Deming laid responsibility for the performance of all the quality measures and other outputs at the feet of management because management designed the System (Machine) that generates those outputs. Yes, a call center’s outputs are the weighted average of each agent’s individual performance, but it is Management that decides whom to hire, how much to pay them, how much time they will spend in training, how well the agents’ systems work together, the tools and resources the agents have at their disposal, how long their breaks will be to ensure fatigue and stress do not affect performance, etc.

What the “Machine”-ery Is Not

That was Deming’s idea of the Machine. He was equally clear on what the Machine was not: it was not the workers. The people doing the work, the associates, the agents…they were not the machine. They were one tiny part of the machine and nowhere near the most important part. In fact, Deming’s recommendation to management was to leave the performance of individual workers alone and focus on making the changes that would lift the performance of all the workers in the system.

He was equally clear on what the Machine was not:  it was not the workers.

Completely contrary to Deming’s exhortations, call center management does exactly the opposite. They have the agents under a microscope. Everything they say and do is monitored. Yes the agents get rewarded for good performance, but they also sometimes get threatened under the flawed and destructive mental model that by trying to improve the performance of each agent…with coaching, added motivation, etc…the overall performance of the center will improve (I have written extensively about this. (For more information, please see Call Center Coaching Remains a Labor-in Vain and Two Widely Held and Deeply Flawed Mental Models Perpetuating Call Center Mediocrity).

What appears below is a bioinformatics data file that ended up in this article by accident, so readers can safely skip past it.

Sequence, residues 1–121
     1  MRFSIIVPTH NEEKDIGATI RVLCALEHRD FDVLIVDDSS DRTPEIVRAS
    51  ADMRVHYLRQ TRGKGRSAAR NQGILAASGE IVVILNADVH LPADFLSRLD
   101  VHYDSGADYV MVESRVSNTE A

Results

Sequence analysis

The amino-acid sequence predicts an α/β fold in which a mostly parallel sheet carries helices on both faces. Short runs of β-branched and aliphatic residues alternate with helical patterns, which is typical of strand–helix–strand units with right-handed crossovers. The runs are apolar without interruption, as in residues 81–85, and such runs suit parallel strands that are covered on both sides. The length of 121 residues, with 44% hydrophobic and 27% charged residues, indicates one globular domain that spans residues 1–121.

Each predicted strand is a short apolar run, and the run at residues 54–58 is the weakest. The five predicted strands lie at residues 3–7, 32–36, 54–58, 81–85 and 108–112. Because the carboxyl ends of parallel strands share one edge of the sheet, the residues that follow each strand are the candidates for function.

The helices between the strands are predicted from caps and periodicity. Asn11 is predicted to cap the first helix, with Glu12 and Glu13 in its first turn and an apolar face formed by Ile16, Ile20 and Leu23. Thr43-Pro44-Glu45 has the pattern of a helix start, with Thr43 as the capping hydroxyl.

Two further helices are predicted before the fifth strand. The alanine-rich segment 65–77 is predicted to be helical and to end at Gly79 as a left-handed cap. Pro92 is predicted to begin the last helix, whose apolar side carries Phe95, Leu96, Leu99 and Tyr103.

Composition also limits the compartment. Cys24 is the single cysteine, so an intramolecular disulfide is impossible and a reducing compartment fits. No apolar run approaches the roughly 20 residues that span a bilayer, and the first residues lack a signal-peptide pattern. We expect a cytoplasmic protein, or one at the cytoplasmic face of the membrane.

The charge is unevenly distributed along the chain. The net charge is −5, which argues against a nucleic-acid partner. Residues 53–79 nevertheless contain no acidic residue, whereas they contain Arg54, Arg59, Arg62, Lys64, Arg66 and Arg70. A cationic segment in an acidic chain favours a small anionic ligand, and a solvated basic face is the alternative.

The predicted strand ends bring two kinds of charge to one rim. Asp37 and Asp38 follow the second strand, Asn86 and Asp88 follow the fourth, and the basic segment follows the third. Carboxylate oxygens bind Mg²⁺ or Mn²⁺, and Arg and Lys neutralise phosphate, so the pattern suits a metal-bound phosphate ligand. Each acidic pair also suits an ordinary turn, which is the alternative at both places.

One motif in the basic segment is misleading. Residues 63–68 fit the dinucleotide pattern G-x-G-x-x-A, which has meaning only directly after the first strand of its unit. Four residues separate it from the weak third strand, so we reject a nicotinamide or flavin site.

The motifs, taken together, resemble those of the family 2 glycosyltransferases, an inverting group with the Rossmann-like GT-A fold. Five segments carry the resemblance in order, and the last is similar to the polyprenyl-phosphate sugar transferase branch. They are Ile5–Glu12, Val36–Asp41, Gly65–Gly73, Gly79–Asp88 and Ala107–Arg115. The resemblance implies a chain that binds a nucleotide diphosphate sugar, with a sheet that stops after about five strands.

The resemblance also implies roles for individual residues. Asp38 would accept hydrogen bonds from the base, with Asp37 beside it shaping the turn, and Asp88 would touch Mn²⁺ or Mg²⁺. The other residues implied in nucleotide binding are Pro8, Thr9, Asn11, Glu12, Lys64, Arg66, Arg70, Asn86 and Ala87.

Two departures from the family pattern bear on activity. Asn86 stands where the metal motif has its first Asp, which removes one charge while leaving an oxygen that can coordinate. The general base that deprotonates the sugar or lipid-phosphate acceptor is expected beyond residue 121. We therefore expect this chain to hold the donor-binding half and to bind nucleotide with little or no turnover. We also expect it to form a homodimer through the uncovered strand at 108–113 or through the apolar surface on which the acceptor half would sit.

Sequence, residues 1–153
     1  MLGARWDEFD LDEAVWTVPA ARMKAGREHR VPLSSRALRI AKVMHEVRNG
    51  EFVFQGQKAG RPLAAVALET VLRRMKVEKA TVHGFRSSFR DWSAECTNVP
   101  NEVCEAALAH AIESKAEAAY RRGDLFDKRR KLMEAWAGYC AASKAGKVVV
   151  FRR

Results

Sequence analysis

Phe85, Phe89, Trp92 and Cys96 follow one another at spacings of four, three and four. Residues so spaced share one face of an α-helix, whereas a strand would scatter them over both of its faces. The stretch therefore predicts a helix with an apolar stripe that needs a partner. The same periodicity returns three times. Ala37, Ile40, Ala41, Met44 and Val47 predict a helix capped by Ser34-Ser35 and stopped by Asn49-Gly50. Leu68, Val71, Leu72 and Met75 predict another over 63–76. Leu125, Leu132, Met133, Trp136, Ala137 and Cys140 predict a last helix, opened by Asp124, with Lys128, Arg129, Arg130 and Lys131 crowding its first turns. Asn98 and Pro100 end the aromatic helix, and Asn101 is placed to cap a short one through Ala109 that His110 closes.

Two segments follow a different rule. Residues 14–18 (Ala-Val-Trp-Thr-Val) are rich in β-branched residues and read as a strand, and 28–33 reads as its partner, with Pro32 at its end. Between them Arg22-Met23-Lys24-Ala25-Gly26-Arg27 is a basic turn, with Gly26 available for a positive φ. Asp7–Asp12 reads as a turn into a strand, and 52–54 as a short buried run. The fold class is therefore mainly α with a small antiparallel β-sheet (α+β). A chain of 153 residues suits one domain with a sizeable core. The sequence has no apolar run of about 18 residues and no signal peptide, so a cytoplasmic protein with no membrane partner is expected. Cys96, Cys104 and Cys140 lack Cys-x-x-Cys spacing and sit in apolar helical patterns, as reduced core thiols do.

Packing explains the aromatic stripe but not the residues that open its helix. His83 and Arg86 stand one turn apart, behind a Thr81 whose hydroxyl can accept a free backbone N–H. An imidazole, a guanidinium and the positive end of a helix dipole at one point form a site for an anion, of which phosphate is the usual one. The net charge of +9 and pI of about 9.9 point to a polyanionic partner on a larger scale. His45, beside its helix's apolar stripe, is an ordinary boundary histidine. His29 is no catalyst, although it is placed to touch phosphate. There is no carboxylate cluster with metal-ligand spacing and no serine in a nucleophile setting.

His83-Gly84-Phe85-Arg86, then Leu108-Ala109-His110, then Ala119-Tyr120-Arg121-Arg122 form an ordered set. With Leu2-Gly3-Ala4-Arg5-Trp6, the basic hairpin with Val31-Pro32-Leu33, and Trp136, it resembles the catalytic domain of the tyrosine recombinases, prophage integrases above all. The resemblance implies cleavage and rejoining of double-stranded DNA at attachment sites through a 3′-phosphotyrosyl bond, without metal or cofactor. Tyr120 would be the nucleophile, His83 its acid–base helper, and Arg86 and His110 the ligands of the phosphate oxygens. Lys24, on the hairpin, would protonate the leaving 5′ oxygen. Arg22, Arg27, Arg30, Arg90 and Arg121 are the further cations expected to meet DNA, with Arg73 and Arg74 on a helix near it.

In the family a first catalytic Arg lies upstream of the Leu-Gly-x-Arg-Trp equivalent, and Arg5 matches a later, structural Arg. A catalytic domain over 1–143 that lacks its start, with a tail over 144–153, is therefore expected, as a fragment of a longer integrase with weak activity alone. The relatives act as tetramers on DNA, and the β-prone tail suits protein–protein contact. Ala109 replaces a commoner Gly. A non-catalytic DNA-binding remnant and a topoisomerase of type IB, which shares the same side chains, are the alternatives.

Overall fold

Deming would ask, instead of the agents, why aren’t the designers of the system being constantly monitored to see if their decisions are actually improving call center outputs? Ray Dalio would agree.

Deming would ask, instead of the agents, why aren’t the designers of the system being constantly monitored to see if their decisions are actually improving call center outputs?

We have built a Call Center Capability/Maturity model that we walk through with call center leadership teams who know their Machine is not working and are ready to look in the mirror. It is built around the same principles Dr. Deming used to revitalize this nation’s moribund manufacturing sector. The model places the emphasis on evaluating the system designed by management that produces, good or bad, the outputs of the call center.

It would be impossible to go through the details of the model here. The full capability/maturity model has 18 dimensions as well as standards for Good-Better-Best that have been tested and verified in call centers. Here are a few themes, followed by parenthetical links back to Deming’s framework.

Some Examples of How to Evaluate the Effectiveness of Your Machine

  1. Accountable Leadership: Once constancy of purpose has been defined, does leadership have the willingness to define the metrics that indicate progress on that purpose, display those metrics on longitudinal charts (preferably control charts), and publicly state whether they are getting better, getting worse or treading water? (Constancy of Purpose, Understanding of Variation, Theory of Change)
  2. Causality at the System Level: Since Y = f(X) (i.e., Y is a function of X), once the Big Y output metrics have been defined and plotted, what is the management team’s theory of the Xs that drive those Ys? Is it written down? Is it testable? If you are able to drive systematic improvements in X’s, do you see any change in the key employee, customer, and shareholder Ys? If not, does your “theory of the system” need updating? (Understanding Systems, Theory of Knowledge)